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Who is Tony Blinken?

The person a US president taps to assume the coveted role of secretary of state, the nation's top diplomat, says a lot about that president's foreign policy ambitions and global vision.

Indeed, the selection of Henry Kissinger (Nixon and Ford), James Baker (George H.W. Bush), Hillary Clinton (Obama) and Rex Tillerson (Trump) to head the State Department, provided an early window into the foreign policy priorities — or lack thereof — of their respective bosses.

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Episode 8: What to expect from Joe Biden’s Presidency

Listen: It was an election for the history books in many ways, with record voter turnout during an unprecedented global health crisis. And while President-elect Joe Biden emerged as the winner after securing close-margin victories in some key states, he will undoubtedly face a deeply divided nation when he takes the oath of office in January 2021.

In our latest episode of Living Beyond Borders, we're examining what the election results mean to the US, the world, and your wallet. From taxes to trade and climate change, our experts offer the facts and figures you need to know as America prepares for the Inauguration of the 46th President.

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What We're Watching: Myanmar's election, Bolivia's new president, Biden's COVID crew

Myanmar's "democratic" elections: Voters in Myanmar voted overwhelmingly on Sunday in support of the National League for Democracy party led by Aung San Suu Kyi, ensuring that it will remain the dominant force in parliament. It was only the second time that voters headed to the polls in a country that's been experimenting with democracy after more than 50 years of military rule. While voter turnout was high, critics say that some 1.5 million people were prevented from voting as part of a deliberate tactic by the joint civilian-military government to disenfranchise voters from ethnic minority states (the election was even cancelled in some of them). The country's ever-powerful military has long been accused of persecuting minority groups (this was reflected in its ethnic cleansing campaign in Rakhine State against Muslim Rohingyas, which were also not allowed to vote). Suu Kyi, for her part, has been accused of turning a blind eye to the genocide despite her credentials as a human rights "warrior." Indeed, the National League for Democracy has its work cut out for it as COVID-19 continues to rip through a country with one of the world's weakest healthcare systems.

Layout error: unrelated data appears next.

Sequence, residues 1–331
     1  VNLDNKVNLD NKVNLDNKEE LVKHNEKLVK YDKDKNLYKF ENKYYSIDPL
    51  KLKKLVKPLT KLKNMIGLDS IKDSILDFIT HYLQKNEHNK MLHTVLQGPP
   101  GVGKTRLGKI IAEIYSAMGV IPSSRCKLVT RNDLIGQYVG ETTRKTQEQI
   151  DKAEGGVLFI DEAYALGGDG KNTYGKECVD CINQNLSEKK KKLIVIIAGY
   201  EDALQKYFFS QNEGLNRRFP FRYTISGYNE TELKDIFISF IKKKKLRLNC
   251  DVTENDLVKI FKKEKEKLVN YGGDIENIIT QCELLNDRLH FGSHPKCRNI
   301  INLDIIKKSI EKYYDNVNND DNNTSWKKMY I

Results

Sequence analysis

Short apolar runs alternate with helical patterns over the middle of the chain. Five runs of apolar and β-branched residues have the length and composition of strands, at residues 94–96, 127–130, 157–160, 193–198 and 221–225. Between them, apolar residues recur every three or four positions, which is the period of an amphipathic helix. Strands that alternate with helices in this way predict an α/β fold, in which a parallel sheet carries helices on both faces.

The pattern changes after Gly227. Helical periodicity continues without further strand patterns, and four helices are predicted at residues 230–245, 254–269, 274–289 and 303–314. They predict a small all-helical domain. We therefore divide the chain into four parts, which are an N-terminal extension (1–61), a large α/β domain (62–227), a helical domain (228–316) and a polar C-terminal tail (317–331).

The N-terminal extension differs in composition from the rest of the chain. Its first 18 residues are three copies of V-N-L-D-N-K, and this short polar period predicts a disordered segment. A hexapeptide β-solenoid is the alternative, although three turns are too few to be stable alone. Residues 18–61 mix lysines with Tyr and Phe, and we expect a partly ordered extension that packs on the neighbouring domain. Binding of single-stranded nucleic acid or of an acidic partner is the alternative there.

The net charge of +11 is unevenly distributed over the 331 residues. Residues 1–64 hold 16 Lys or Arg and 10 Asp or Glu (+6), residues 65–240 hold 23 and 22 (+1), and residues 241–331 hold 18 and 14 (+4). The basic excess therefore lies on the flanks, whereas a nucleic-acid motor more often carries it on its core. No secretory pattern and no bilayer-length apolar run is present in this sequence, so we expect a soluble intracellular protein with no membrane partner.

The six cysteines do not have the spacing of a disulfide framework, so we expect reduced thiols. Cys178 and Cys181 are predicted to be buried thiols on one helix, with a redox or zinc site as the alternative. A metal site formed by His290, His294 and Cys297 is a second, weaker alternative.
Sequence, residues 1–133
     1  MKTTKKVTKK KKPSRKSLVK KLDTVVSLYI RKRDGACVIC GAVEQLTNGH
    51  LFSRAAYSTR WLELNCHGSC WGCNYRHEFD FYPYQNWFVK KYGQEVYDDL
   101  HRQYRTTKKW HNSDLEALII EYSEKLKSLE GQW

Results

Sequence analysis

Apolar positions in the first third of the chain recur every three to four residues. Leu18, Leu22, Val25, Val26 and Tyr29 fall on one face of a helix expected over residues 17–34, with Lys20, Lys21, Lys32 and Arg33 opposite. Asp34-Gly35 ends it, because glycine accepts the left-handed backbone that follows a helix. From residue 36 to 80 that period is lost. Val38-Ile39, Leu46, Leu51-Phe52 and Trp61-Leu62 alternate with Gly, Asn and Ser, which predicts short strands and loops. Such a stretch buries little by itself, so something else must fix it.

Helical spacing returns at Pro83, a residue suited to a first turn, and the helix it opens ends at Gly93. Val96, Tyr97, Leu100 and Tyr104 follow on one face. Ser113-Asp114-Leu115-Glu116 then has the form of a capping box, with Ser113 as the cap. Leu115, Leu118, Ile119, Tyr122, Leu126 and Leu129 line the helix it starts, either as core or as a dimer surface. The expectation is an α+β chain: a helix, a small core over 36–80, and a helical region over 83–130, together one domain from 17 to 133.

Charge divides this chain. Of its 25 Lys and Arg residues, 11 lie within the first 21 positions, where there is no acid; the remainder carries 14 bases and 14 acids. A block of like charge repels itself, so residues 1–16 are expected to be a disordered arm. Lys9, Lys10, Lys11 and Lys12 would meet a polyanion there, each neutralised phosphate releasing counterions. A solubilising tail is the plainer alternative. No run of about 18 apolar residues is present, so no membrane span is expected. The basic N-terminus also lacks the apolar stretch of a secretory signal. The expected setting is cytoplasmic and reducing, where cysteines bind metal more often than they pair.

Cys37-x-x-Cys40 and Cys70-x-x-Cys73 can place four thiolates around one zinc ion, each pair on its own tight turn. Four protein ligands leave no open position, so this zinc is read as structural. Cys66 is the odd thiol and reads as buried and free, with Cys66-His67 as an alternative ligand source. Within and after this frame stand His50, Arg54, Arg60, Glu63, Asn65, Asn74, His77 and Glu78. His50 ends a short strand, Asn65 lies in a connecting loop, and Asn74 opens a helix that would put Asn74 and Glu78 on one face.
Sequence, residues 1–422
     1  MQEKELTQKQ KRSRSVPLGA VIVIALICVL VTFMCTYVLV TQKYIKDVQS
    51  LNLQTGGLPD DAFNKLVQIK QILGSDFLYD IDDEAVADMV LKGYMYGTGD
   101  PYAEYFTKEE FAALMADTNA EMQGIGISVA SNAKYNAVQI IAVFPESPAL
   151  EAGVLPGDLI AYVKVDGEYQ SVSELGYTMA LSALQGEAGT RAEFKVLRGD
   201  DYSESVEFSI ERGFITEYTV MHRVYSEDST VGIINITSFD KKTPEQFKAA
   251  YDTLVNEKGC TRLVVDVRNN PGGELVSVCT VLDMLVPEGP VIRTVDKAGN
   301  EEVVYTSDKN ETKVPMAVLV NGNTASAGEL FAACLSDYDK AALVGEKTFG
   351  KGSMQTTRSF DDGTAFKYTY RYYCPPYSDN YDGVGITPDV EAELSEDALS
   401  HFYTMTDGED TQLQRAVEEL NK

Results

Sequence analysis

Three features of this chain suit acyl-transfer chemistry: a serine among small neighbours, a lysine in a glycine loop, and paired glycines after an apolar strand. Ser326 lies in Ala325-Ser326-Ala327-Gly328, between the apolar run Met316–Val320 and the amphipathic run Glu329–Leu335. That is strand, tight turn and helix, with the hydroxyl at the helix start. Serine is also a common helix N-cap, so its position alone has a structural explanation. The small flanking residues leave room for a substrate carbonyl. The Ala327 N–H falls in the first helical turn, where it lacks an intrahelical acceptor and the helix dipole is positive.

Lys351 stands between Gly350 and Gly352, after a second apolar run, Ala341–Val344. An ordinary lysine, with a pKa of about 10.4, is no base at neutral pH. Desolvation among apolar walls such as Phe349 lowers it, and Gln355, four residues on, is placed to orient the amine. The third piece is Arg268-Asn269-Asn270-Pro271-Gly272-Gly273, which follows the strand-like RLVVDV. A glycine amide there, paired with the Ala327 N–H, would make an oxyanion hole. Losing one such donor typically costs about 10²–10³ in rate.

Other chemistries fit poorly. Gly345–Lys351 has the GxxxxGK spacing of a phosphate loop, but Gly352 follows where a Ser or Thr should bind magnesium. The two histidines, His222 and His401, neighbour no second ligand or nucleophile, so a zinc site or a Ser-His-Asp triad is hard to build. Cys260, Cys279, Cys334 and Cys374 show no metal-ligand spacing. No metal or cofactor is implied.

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No honeymoon for Joe Biden

The US presidential election has yet to be called, but as things currently stand, Joe Biden is on track to win the 270 electoral college votes needed to clinch the US presidency. The horse race is still being closely monitored, and questions about why certain states and counties went for Trump or Biden will be addressed in the days ahead. But when all is done and dusted and the next president (likely Biden based on current projections) assumes his place in the White House on January 20, 2021, the issues he will have to tackle on day one will be as varied as they are challenging

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What We're Watching: Lingering US presidential race, Ethiopia's ethnic strife,Trump's recount antics

The lingering US presidential race: As counting continues in several key battleground states, the American people are still none the wiser as to who will be their next president. At the time of this writing, the road to victory — that is, to clearing the 270 electoral votes threshold needed to clinch the presidency — is clearer for Joe Biden, but President Trump could still win a second term. Millions of mail-in-ballots still being counted in several closely-watched states — Arizona, North Carolina, Nevada, Georgia, and Pennsylvania — will decide the outcome of the election in the next few days. Many analysts say that the bulk of these votes will likely favor Biden because the Democratic Party has encouraged voting early and by mail due to the pandemic, while the Trump campaign promoted in-person voting on Election Day. The Trump campaign, meanwhile, has presented a legal strategy to contest the counting of mail-in-ballots — a tactic rejected by many mainstream Republicans. The margin of the race is razor-thin, reinforcing what many observers already knew: the country is bitterly divided.

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Who is Tony Blinken?